The Obama administration had no intention of seeking the military's advice when they sent that controversial $1.7 billion payment to Iran the same day four American hostages were released back to the States, it would appear. Sen. Ted Cruz (R-TX) made the discovery at a Senate Armed Services Committee hearing on Thursday. At the meeting, he asked both Defense Secretary Ashton Carter and Chairman of the Joint Chiefs Gen. Joseph Dunford about any information they may be able to provide about the payment, only to find they apparently had never been briefed on the reported ransom.
Cruz's office provided the relevant exchanges in a press release.
Sen. Cruz: General, in your judgment, was flying $1.7 billion in unmarked cash to give to the Iranian government incentivizing positive behavior from Iran?
Gen. Dunford: Senator, I’m not trying to be evasive, but I don’t know the details of that arrangement, and it really was a political decision that was made to provide that money…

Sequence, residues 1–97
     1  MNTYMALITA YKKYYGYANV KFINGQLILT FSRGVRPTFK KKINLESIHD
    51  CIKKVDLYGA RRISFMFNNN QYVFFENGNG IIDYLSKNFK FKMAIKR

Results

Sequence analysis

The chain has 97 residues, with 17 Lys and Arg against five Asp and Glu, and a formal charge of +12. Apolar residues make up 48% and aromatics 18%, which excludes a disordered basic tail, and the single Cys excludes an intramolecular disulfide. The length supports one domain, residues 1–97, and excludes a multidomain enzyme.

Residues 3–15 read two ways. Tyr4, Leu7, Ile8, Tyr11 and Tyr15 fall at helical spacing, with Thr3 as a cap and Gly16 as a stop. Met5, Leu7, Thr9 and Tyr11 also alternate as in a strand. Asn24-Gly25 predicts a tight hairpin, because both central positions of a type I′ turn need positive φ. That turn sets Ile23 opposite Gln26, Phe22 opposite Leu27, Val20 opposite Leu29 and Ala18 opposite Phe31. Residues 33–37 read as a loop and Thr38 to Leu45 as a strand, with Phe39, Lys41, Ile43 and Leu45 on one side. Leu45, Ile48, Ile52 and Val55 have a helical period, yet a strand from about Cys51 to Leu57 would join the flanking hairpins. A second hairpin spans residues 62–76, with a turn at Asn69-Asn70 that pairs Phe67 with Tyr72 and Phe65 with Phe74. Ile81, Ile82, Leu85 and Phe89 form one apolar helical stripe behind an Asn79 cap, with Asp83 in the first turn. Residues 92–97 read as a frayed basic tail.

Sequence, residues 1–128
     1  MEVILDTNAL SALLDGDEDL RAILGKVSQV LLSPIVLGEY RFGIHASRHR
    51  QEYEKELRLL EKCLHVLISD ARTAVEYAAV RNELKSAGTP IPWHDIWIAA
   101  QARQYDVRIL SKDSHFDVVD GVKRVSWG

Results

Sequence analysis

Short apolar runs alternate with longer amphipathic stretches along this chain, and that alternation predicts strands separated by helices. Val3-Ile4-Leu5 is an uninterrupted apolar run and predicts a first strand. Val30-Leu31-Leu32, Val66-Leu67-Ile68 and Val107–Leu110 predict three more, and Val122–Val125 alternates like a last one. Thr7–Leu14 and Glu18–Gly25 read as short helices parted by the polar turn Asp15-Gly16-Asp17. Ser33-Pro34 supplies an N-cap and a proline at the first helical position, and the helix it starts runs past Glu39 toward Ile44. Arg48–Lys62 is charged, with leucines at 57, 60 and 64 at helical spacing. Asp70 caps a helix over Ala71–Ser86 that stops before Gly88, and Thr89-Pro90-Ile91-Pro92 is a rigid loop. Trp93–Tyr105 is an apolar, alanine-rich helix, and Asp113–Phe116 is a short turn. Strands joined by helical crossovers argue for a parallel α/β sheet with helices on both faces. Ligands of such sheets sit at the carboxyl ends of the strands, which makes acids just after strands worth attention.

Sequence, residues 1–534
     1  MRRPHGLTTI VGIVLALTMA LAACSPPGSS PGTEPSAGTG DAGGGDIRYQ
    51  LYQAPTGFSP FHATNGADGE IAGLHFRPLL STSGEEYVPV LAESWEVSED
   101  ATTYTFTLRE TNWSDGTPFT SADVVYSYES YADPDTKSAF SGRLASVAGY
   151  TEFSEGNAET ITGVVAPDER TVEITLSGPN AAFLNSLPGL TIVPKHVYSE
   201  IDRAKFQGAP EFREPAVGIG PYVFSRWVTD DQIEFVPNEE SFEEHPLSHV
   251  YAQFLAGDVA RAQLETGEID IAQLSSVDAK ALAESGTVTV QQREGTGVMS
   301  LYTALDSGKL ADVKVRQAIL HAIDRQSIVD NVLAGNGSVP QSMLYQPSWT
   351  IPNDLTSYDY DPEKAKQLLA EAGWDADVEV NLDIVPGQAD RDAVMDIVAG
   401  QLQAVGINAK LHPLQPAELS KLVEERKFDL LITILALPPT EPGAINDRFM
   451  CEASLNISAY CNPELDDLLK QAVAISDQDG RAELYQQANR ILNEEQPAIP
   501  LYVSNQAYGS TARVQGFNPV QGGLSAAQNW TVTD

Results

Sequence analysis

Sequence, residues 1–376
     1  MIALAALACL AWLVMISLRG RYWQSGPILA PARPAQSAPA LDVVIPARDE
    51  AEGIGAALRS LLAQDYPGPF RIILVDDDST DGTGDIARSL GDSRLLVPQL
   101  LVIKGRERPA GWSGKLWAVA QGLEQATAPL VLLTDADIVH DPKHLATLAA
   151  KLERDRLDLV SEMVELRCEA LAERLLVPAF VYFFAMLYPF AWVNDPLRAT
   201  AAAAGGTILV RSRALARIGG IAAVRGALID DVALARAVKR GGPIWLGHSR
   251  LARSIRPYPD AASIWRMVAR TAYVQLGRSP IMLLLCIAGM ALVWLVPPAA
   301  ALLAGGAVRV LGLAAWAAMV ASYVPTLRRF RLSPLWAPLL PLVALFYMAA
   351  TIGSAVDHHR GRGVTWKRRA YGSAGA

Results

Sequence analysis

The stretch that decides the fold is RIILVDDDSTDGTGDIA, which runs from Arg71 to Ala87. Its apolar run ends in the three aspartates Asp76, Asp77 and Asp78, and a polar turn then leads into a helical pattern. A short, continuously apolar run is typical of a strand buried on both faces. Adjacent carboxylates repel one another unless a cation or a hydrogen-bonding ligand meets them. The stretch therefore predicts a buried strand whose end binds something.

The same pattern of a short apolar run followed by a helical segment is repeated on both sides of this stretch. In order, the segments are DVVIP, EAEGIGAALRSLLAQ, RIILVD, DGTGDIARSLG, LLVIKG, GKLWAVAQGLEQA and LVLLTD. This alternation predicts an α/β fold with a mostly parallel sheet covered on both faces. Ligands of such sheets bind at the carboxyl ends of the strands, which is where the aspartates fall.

Sen. Cruz: Does it concern you, if the United States is now in the business of paying ransom to terrorist governments for releasing Americans, the incentive that we face for future terrorists and future terrorist governments to attempt to kidnap and hold for ransom Americans?
Sec. Carter: …I don’t know all the details of it, and the Chairman and I were not involved in that. It is a decision that was taken by the law enforcement and the diplomatic community…
Cruz slammed the White House for its history of "neutering" itself and "ignoring one transgression after another from our enemies." Congress is making the effort to prevent ransom payments to Iran in the future, with the House passing the Prohibiting Future Ransom Payments to Iran Act (H.R. 5931) on Thursday night.